Bruneians say they spend anywhere from $100 to $500 in a single day each trip they make into neighbouring Miri, a Universiti Brunei Darussalam (UBD) survey has indicated.
While residents from the abutting Belait District were found to hop over the border more, and thus make up the lion’s share of total Bruneian expenditure in Miri, it was the Brunei-Muara residents who spent the most on average on their day trips there.
The survey findings, comprising 450 respondents, was shared this morning by UBD lecturer Dr Shirley Chin Wei Lee during her talk at the International Tourism Conference and Exhibition.
“The average spending per trip, per day differs district to district. Most of the Belait and Tutong respondents say they spend around $100 to $300 per day. Meanwhile, respondents from Brunei-Muara stated they spend $300 to $500 per day. However, Belait residents make more frequent trips due [to their proximity] to Miri,” she said.
“Some variations across districts were observed in total expenditures and reasons for shopping. So, although Belait residents only account for 16 per cent of total Brunei population, they make up the most total expenditure in Sarawak.”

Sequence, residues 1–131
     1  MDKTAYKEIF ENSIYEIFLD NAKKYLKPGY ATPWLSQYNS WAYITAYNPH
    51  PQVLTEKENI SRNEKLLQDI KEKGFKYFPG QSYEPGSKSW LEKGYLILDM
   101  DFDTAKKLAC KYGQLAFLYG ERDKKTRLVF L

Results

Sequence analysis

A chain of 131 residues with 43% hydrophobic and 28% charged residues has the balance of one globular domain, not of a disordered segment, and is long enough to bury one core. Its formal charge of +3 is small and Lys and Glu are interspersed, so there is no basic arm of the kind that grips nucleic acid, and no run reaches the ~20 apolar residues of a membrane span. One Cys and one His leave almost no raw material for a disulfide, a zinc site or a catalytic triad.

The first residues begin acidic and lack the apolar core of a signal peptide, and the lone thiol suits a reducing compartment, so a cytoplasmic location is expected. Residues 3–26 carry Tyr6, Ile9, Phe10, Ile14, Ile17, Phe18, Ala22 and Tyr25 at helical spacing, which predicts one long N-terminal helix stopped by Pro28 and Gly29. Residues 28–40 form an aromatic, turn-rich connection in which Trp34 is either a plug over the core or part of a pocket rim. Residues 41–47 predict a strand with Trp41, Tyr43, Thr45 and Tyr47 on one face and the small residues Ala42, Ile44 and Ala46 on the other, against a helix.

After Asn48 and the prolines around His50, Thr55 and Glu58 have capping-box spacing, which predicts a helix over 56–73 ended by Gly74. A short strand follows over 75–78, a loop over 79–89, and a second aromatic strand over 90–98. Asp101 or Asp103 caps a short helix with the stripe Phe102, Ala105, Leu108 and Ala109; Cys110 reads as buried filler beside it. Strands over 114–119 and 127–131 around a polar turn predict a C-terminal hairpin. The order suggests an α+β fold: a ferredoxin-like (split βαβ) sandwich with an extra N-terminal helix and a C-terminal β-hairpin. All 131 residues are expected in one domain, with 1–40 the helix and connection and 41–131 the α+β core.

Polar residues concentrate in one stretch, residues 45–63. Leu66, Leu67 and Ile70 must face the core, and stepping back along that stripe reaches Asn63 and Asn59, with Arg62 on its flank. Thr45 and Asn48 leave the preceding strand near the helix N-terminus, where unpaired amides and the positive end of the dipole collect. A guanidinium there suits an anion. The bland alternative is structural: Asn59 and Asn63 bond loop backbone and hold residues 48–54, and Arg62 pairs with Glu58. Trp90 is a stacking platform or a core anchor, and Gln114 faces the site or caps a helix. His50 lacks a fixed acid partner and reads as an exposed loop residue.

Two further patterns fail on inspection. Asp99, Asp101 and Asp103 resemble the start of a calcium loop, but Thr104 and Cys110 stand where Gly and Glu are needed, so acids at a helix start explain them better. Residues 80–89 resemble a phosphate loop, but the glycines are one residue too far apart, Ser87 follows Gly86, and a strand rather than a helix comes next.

Dr Chin also noted that official statistics show that the frequency of locals leaving the country to neighbouring Sarawak and Sabah – via Sg Tujoh, Kuala Lurah and the Serasa Ferry Terminal – increases over the weekends and public holidays. The end of year holidays also sees more traffic from Brunei into Eastern Malaysian states.
The survey pinpointed four main reasons why Bruneians make the trip into bordering Malaysian cities such as Miri: price benefits, favorable exchange rates, choice availability and entertainment variety.
Citing a CSPS (Centre for Strategic and Policy Studies) report, Dr Chin shared that household goods are indeed cheaper in neighbouring Malaysian states such as Miri and Limbang. “For example sugar per [1kg] pack costs $2.26 in Miri and over $3 in Brunei… A large cafe latte from Coffee Bean in Miri costs $5 and $5.80 in Brunei.”
“Most Bruneians make the trip across the border into Miri not just for shopping, but for entertainment too, as well as visiting friends and family.”
However, there have also been instances when Bruneians would shy away from visiting Miri, Dr Chin noted. “Slowest traffic was recorded in November 2015 when Malaysian traffic police set up roadblocks to impose fines on traffic offenders from Brunei.”
There was also a dip in Bruneians making trips across the border when the Malaysian government first introduced GST (government service tax) in the second quarter of 2015.
In 2016, official data recorded nearly 2.5 million local departures through the Sungai Tujoh, Kuala Lurah and Serasa Ferry Terminal immigration posts.
“It is hoped that this study will provide preliminary and empirically based insight into the issue and act as a baseline for more studies,” Dr Chin said.